Osteonecrosis implies a segment of dead bone within a bone. Though not specified, the most common bone affected is the femoral head or ball of the hip joint. Sometimes the cause is trauma, other causes include the use of steroids or prednisone. Sometimes osteonecrosis occurs in an arthritic hip. There are other causes, too, such as rare blood diseases, and even alcohol abuse. If the hip is the affected bone, for someone your mother’s age, the “cure” is a hip replacement. Of course, prior to considering surgery, patients should use mild
analgesics such as Tylenol and/or Advil. We encourage the use of a cane or walker for safety.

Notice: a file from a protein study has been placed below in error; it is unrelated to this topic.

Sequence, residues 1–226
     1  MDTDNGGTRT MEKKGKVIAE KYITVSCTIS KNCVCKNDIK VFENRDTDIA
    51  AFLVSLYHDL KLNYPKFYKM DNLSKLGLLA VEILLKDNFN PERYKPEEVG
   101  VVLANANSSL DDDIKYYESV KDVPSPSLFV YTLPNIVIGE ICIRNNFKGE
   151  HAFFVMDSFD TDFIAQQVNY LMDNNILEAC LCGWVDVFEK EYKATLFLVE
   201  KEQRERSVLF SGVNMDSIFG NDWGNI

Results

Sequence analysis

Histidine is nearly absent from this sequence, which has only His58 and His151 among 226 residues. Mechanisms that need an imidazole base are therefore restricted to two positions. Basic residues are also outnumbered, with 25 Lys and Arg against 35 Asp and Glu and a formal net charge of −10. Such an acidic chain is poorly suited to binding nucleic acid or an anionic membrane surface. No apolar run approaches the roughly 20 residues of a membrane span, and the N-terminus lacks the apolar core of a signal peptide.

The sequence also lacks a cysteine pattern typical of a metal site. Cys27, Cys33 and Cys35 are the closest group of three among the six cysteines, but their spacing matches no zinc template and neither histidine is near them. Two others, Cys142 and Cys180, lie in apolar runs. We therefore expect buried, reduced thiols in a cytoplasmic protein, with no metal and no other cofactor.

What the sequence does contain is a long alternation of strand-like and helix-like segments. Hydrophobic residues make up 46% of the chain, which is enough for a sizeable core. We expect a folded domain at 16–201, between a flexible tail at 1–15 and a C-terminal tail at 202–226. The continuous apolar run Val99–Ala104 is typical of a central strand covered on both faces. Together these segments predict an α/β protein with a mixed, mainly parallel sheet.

X-rays and an examination will confirm the diagnosis of arthritis. Your surgeon can discuss the operative procedure, risks and expected outcome. Patients your age can be very active, if they do the appropriate amount of post operative physical therapy and muscle strengthening. This might include golf, bowling, biking, hiking, even skiing.